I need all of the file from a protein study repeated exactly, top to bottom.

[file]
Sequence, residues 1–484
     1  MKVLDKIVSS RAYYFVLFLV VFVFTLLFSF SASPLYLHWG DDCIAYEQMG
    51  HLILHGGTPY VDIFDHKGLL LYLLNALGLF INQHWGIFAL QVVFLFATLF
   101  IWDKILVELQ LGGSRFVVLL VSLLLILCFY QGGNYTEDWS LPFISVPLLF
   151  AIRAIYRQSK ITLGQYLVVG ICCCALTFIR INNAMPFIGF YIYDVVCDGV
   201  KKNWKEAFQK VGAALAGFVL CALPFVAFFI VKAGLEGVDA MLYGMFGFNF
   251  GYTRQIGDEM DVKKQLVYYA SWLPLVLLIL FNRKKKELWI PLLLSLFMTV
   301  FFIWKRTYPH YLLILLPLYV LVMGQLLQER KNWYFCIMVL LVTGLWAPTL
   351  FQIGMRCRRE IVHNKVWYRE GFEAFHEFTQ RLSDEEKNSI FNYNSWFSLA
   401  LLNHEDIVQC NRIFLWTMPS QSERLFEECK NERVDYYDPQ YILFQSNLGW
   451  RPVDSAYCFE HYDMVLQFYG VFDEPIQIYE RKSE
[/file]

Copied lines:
Sequence, residues 1–484
     1  MKVLDKIVSS RAYYFVLFLV VFVFTLLFSF SASPLYLHWG DDCIAYEQMG
    51  HLILHGGTPY VDIFDHKGLL LYLLNALGLF INQHWGIFAL QVVFLFATLF
   101  IWDKILVELQ LGGSRFVVLL VSLLLILCFY QGGNYTEDWS LPFISVPLLF
   151  AIRAIYRQSK ITLGQYLVVG ICCCALTFIR INNAMPFIGF YIYDVVCDGV
   201  KKNWKEAFQK VGAALAGFVL CALPFVAFFI VKAGLEGVDA MLYGMFGFNF
   251  GYTRQIGDEM DVKKQLVYYA SWLPLVLLIL FNRKKKELWI PLLLSLFMTV
   301  FFIWKRTYPH YLLILLPLYV LVMGQLLQER KNWYFCIMVL LVTGLWAPTL
   351  FQIGMRCRRE IVHNKVWYRE GFEAFHEFTQ RLSDEEKNSI FNYNSWFSLA
   401  LLNHEDIVQC NRIFLWTMPS QSERLFEECK NERVDYYDPQ YILFQSNLGW
   451  RPVDSAYCFE HYDMVLQFYG VFDEPIQIYE RKSE